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Safety and Security Apr 20, 2021

Identifying Risks Before They Become Threats: Q&A with Lukas Quanstrom, Ontic CEO

Lukas Quanstrom, Co-Founder and CEO of Ontic, shares how organizations can adopt a proactive security approach to prevent crises.

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It sounds like sci-fi, but there really is an effective way to predict critical events before they occur. It’s called protective intelligence, and it could be the key to elevating your organization’s emergency preparedness.

In a recent episode of The Employee Safety Podcast, Lukas Quanstrom, Co-Founder and CEO of Ontic, joined host Peter Steinfeld for an engaging discussion about risk and emergency preparedness. Ontic’s Protective Intelligence Platform helps make businesses safer by providing intelligence to security teams so that they can take informed action to protect their people, property, and reputation. At Ontic, Lukas leads a team of technologists and security experts to develop best-in-class software used by leading brands and educational institutions to help clients keep their people safe.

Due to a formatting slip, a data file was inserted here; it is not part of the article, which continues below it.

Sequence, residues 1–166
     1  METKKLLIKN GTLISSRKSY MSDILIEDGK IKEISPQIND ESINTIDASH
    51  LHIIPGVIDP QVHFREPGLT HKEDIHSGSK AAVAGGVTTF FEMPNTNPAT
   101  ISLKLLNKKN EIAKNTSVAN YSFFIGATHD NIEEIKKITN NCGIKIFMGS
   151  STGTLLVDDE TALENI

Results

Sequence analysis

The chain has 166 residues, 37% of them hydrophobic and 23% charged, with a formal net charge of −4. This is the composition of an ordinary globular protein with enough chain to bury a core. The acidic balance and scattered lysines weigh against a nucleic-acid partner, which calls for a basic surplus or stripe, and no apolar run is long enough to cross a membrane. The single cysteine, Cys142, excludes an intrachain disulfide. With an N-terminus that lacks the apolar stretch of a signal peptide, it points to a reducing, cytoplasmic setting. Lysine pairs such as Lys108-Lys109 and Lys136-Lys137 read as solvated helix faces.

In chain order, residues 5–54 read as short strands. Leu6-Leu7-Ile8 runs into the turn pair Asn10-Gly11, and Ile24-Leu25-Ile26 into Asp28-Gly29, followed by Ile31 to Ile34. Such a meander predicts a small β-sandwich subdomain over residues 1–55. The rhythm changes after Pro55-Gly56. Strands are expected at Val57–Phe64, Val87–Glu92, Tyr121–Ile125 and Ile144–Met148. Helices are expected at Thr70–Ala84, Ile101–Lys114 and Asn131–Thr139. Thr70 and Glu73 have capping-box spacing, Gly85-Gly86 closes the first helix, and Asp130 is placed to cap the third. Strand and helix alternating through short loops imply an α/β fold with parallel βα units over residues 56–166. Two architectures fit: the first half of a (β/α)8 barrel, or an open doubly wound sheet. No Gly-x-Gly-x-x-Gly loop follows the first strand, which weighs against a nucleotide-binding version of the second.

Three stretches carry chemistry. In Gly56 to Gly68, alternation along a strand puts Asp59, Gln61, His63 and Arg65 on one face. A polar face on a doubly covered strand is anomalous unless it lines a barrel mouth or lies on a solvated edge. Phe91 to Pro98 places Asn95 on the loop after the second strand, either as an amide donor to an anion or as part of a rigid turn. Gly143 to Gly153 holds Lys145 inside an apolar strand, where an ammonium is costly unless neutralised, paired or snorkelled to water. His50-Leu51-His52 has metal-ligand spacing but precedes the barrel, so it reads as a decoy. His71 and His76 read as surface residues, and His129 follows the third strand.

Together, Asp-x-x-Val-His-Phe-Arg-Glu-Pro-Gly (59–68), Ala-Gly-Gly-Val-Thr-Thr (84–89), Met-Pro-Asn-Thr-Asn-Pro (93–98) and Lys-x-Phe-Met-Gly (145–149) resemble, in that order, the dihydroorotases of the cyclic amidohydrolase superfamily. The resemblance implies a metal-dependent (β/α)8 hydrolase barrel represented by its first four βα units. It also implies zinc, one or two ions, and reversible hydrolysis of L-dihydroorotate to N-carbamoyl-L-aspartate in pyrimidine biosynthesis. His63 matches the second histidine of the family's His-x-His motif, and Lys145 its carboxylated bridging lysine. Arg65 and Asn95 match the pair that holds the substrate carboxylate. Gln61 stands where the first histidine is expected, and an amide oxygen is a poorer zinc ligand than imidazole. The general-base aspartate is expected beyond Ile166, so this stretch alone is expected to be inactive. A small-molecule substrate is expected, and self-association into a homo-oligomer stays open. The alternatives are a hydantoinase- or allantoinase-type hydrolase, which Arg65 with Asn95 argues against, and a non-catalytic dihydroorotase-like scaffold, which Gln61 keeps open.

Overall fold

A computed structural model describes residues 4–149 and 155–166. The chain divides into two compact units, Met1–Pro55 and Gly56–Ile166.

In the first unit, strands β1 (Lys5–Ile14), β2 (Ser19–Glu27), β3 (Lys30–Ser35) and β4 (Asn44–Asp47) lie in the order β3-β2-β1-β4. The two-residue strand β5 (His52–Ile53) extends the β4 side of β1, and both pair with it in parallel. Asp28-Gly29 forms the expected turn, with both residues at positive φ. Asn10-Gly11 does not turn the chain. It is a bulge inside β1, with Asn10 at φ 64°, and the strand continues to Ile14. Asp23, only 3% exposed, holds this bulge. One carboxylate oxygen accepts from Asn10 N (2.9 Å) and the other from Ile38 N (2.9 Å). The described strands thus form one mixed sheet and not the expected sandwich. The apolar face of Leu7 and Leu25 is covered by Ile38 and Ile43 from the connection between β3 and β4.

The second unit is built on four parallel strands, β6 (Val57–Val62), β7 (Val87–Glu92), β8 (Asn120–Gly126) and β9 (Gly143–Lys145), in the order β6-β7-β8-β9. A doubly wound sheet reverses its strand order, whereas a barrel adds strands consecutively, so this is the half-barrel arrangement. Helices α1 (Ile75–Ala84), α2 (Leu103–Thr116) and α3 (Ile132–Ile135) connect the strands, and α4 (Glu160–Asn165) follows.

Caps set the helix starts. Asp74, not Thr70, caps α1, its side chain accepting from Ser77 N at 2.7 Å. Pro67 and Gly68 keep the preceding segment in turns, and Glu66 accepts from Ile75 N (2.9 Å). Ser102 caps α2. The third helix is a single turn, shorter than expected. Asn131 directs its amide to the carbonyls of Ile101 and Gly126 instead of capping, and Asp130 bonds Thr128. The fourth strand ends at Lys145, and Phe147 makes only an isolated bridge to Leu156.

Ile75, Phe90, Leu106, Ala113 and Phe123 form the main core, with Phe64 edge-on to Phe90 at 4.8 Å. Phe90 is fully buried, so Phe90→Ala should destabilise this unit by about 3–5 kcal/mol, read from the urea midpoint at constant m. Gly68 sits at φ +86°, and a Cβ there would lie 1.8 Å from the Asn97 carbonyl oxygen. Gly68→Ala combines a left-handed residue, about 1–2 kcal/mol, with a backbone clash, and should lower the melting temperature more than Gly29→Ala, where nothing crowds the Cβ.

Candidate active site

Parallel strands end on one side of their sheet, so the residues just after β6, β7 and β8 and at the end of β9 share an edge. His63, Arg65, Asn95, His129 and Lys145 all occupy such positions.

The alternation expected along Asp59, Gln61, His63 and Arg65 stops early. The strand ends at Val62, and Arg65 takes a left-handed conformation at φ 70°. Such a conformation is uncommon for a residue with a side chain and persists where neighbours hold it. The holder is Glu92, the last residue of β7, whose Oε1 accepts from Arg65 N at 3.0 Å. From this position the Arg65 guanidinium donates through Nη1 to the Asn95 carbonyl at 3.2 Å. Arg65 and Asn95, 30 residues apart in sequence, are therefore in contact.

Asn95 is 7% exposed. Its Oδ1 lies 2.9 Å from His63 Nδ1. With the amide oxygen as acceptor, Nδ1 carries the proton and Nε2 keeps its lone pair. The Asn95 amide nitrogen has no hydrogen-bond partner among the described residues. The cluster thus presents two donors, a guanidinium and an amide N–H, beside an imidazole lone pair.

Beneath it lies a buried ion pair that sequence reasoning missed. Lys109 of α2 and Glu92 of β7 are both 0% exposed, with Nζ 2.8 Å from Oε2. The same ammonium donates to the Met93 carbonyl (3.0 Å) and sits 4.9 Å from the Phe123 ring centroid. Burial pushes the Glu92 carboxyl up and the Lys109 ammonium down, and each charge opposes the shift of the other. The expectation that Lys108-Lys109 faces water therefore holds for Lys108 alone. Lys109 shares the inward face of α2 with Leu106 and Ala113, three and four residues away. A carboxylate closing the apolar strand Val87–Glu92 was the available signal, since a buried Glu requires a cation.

During the discussion, Lukas shared how organizations can predict critical events before they occur, ways to actively manage known threats, and why adopting a proactive security approach helps prevent crises. You can listen to the full episode below.

Q&A With Lukas Quanstrom, Co-Founder and CEO of Ontic

Ontic’s Protective Intelligence platform allows physical security leaders to take a proactive approach to safety. Can you explain what exactly “protective intelligence” means?